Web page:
Postcard Image

Postcard Image
As the Victorian era passed into the Edwardian and Roaring Twenties, a market developed for bisque and china bawdy novelties and figurines of women in revealing outfits. Although now most of these figurines seem more coy and cute than ribald and risque, in their time they symbolized the casting off of the perceived restraints of the Victorian era.

These little lovelies included bathing beauties, who came clad in swimsuits of real lace or in stylish painted beach wear, as well as mermaids, harem ladies, and nudies, who were meant to wear nothing more than an engaging smile. Also produced were flippers, innocent appearing figurines who reveal a bawdy secret when flipped over, and squirters, figurines that were meant to squirt water out of an appropriate orifice.

Most were manufactured in Germany from the late 1800s through the 1930s, often showing remarkable artistry and imagination, with Japan entering the market during World War I.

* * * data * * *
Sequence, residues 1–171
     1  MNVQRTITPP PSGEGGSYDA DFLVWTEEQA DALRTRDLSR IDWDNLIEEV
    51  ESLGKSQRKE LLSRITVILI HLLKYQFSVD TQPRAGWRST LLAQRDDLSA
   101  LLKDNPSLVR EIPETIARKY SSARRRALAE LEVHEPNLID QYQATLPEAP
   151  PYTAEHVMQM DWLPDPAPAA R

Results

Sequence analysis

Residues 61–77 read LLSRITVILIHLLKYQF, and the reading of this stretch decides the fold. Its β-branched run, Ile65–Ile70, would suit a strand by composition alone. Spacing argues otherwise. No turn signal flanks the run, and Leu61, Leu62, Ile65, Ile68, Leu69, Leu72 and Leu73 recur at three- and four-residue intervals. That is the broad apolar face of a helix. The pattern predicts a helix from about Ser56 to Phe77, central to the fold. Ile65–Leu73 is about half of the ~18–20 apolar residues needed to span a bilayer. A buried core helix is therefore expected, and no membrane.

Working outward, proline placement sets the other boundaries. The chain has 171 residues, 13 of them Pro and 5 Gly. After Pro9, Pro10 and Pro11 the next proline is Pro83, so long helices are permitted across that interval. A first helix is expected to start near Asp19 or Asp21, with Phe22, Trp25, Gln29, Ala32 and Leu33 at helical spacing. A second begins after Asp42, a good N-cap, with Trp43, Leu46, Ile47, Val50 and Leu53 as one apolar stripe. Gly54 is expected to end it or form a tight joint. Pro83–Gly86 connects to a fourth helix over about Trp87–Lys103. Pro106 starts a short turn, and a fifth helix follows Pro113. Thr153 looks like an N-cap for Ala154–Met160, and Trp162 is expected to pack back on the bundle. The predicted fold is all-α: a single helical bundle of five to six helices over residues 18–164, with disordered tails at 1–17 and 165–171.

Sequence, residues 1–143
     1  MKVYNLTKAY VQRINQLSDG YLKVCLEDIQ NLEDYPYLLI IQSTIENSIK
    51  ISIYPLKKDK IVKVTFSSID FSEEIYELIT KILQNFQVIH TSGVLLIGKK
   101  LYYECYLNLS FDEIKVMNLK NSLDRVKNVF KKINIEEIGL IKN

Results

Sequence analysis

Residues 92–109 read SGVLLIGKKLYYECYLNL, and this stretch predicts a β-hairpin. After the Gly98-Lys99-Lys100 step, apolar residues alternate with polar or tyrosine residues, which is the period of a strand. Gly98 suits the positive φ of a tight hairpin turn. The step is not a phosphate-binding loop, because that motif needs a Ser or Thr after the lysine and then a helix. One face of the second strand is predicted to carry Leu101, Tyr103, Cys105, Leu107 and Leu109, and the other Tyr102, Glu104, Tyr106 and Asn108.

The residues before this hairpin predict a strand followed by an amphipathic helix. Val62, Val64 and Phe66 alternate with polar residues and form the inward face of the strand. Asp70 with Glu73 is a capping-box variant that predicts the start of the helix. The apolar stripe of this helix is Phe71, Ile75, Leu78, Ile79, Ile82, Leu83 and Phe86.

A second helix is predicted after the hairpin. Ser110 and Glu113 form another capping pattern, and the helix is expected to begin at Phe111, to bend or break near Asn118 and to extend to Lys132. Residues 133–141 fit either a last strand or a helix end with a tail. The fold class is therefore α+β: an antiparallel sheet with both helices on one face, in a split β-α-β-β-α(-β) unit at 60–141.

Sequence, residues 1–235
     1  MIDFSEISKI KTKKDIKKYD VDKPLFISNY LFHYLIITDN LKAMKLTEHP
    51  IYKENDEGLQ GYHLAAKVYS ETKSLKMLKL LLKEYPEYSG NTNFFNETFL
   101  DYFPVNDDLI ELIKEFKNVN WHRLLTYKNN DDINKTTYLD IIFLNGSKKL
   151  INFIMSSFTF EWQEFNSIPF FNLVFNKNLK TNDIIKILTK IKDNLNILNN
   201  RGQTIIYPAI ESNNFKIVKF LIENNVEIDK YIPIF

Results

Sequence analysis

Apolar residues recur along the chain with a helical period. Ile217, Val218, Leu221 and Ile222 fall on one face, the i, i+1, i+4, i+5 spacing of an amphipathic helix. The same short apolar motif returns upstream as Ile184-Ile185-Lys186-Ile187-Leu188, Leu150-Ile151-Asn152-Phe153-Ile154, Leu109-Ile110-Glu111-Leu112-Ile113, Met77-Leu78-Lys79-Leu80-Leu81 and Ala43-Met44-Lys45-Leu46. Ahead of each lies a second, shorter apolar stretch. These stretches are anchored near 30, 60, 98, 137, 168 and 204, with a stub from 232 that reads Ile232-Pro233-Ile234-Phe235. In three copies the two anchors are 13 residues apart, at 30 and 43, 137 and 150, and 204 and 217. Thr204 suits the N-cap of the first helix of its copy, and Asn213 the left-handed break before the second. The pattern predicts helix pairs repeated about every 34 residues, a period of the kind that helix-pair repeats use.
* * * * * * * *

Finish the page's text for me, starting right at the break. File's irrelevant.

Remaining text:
Sunday, October 23, 2011

Bathing Beauty of the Day; Day 41

Ms. #410 is a nubile nymph from my favorite manufacturer, the German firm of A. W. Fr. Kister.   Kister's lovely ladies are often mistaken for those made by competitor Galluba and Hofmann, but Kister's lissome lasses are more realistically proportioned than the stylized Gallubas and typically have molded and blushed nipples, an anatomical detail missing on most bathing belles.  They also generally wear molded bathing slippers with low heels.  Like most of her Kister sisters, this bisque beauty is unmarked.  Of the finest bisque and workmanship, she is 5 inches long and 3.5 inches high.  She retains her pale blonde mohair wig with the remains of taupe net bathing cap. 

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